Horseshoe Bend Tunnel is four kilometres from Walhalla on the Thomson River. It was built in 1911 and 1912 to drain water from the Thomson at Horseshoe Bend to allow for alluvial mining of the river bed. It gained heritage status in 2002 (if you’re interested in the history of the tunnel, please download a copy of the Heritage Report part one and part two). Horseshoe Bend Tunnel now acts as an artificial fish barrier to the alpine regions. Flows have only gone round the bend two per cent of the time in the last 13 years. This has severely impacted upstream migration to the unreachable 85 km of habitat for migratory fish.
Fish migration is extremely important in the lifecycle of many of our native fish, including the protected Australian Grayling. The Grayling is listed as vulnerable under the Environment Protection and Biodiversity Conservation Act 1999.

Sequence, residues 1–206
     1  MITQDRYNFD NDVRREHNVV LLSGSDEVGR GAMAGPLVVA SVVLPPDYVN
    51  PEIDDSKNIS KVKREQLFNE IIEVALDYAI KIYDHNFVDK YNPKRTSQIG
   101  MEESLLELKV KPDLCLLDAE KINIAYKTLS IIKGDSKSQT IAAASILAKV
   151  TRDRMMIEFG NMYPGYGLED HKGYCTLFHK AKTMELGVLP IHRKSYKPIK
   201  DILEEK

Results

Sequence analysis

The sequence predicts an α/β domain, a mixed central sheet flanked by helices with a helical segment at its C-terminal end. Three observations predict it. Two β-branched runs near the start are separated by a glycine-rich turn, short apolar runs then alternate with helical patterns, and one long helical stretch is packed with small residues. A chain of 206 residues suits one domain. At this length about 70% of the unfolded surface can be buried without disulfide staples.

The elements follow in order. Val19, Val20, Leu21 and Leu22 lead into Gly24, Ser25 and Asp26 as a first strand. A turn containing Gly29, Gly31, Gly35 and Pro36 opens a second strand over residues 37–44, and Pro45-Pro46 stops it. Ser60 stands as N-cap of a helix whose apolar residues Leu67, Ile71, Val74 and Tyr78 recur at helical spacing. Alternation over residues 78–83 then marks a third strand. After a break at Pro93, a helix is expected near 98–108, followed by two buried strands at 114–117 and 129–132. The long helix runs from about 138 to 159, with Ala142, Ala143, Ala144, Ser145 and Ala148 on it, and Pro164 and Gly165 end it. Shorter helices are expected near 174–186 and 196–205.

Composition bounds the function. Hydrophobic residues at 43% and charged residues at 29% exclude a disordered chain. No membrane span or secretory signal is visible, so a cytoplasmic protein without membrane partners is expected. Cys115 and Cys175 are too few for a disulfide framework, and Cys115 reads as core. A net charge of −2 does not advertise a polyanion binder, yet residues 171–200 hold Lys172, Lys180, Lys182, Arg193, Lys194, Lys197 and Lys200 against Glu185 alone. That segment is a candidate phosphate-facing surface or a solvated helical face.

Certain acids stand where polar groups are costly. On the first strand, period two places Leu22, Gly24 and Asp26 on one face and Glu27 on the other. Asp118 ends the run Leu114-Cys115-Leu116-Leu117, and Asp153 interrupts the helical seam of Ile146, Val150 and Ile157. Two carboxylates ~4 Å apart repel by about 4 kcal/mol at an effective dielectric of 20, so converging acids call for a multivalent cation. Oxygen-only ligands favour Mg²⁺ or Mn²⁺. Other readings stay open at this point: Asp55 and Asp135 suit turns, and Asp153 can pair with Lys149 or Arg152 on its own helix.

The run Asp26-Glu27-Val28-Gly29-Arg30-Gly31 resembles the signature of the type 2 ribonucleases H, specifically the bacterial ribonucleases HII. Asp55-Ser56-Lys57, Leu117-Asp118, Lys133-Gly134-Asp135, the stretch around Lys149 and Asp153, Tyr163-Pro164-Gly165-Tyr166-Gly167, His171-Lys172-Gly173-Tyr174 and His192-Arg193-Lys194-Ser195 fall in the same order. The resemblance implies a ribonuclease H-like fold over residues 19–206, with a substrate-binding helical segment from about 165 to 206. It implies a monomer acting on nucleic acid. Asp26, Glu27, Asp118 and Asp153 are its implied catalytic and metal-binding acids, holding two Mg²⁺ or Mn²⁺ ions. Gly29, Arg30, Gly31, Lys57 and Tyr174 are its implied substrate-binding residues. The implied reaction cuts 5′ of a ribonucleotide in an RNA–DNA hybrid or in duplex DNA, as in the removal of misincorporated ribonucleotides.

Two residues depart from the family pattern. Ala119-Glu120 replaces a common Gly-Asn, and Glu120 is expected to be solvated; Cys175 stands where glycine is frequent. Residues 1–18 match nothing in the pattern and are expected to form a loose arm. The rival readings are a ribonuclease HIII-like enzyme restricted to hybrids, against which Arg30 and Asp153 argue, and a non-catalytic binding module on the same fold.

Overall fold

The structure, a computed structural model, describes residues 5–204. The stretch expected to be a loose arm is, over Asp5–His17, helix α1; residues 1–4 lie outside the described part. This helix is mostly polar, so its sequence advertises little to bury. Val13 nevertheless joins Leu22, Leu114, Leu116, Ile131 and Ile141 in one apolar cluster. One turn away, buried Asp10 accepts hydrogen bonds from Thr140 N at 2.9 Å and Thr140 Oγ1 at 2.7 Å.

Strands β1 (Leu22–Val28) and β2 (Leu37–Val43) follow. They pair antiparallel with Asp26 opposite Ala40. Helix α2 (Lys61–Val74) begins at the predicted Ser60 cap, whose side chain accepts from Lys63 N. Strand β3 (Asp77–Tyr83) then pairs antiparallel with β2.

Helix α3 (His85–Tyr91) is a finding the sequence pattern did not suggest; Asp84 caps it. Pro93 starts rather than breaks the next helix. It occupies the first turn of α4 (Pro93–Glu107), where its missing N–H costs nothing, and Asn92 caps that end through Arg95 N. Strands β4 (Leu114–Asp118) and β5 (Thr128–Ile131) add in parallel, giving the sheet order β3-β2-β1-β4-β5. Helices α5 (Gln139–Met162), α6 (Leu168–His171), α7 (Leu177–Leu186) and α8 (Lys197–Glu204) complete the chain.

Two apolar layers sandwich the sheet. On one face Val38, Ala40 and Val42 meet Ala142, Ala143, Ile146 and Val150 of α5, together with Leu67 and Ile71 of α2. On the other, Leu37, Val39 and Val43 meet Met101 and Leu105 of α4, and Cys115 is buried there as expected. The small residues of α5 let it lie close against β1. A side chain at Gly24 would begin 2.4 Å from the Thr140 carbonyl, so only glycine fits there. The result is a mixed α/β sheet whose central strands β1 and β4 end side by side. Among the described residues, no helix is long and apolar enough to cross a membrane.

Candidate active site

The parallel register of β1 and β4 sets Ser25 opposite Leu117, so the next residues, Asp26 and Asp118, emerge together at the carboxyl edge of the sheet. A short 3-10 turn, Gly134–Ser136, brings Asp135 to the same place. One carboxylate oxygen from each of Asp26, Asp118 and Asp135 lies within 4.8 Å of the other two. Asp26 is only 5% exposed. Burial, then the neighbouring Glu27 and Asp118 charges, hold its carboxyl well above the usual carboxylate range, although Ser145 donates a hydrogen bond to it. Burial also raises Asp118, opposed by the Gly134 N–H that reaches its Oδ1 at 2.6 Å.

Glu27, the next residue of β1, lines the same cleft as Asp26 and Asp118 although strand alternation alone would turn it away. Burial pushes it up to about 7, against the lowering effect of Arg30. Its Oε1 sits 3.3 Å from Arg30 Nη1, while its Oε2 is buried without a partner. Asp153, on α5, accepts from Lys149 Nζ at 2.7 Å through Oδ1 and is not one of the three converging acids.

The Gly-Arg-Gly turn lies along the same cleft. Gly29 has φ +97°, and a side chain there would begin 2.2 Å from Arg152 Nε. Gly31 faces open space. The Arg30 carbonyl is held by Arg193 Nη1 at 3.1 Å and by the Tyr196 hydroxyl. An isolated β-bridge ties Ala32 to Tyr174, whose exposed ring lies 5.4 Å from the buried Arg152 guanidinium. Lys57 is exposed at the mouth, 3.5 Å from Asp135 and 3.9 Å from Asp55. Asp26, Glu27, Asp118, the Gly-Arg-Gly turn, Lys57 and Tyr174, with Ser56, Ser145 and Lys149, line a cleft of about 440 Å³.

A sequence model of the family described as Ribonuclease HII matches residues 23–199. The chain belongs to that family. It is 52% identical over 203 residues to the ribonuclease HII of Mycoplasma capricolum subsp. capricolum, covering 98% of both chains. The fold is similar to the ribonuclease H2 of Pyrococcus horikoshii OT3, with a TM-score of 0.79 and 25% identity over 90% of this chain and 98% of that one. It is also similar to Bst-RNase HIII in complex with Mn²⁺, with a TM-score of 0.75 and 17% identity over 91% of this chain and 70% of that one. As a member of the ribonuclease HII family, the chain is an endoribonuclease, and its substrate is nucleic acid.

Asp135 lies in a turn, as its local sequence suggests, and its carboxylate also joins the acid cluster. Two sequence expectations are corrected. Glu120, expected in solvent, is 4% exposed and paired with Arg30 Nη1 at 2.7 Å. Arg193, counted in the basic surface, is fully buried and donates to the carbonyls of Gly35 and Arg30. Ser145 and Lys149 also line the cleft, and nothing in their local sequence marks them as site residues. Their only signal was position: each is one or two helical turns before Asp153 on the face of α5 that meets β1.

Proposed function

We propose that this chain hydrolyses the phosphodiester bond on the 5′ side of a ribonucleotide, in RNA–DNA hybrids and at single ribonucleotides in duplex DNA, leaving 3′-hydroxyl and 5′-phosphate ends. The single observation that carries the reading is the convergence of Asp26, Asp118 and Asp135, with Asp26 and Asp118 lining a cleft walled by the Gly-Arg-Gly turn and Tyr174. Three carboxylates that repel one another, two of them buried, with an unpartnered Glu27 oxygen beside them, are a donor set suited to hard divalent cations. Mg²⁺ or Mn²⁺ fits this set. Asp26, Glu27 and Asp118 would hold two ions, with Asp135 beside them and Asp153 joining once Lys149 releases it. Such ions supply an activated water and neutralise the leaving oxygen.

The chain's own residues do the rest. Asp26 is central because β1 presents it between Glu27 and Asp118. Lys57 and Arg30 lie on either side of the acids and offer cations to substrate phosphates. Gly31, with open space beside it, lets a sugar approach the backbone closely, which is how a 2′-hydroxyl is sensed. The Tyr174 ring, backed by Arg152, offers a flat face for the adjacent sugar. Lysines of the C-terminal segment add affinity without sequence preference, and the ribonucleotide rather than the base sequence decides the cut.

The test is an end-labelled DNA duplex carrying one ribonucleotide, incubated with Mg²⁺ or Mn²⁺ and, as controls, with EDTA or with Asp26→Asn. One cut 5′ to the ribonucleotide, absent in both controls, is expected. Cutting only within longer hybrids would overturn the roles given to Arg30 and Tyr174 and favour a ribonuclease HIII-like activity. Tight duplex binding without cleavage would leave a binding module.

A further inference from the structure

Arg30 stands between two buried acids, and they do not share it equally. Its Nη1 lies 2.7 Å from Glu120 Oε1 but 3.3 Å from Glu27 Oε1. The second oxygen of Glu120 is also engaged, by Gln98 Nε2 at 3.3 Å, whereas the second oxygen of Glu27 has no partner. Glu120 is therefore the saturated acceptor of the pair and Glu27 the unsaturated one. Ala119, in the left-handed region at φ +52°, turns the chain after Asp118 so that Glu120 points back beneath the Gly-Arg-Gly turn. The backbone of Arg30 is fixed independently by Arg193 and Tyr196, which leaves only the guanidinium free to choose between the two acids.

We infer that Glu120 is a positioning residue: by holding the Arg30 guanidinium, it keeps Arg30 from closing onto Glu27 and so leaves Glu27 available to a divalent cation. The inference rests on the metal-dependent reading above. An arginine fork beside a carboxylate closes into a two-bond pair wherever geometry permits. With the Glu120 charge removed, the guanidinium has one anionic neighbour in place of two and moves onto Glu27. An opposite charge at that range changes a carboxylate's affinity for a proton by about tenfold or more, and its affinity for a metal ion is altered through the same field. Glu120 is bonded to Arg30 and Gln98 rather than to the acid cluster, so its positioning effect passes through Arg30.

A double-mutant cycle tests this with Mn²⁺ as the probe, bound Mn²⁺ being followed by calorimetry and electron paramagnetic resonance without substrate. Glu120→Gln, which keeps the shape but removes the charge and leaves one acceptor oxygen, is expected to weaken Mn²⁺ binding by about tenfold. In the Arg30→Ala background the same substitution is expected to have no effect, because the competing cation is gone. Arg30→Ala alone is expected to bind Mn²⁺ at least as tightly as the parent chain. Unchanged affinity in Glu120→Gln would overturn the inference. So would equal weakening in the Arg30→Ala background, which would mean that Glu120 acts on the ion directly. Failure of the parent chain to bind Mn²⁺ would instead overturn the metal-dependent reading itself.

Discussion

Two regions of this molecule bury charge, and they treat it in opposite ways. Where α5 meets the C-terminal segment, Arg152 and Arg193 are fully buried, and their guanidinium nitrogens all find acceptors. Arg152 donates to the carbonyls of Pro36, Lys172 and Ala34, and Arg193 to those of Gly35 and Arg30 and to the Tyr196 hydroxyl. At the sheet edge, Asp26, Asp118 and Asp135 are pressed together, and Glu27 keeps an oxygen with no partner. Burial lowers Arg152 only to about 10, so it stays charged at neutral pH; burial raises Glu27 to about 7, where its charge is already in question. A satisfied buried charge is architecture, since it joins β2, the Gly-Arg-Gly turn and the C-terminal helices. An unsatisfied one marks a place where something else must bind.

About the Australian Grayling
The Australian Grayling is a small to medium-sized, slender, silvery fish with soft-rayed fins. It lives in south-eastern Australia, including Victoria, Tasmania and New South Wales.
The Grayling has a very short life span of 2-3 years and migrates throughout its life cycle between fresh and marine waters. Adult Graylings live in freshwater river systems. They move up and down the river looking for food and during autumn migrate to near the estuary to spawn. Its eggs are swept downstream towards the sea and the adults return upstream. The young fish remain in the sea for about six months before returning to freshwater.
In our region it can be found in the Thomson, Macalister, Avon, Latrobe, and Tarwin rivers.
The Grayling needs our help
Threats to the long term future of the Australian Grayling include
- artificial fish barriers (like Horseshoe Bend Tunnel)
- introduced fish species
- low river flows
- river regulation by dams
- nutrients in waterways
- its short and complex life cycle of needing to move up and downstream to reproduce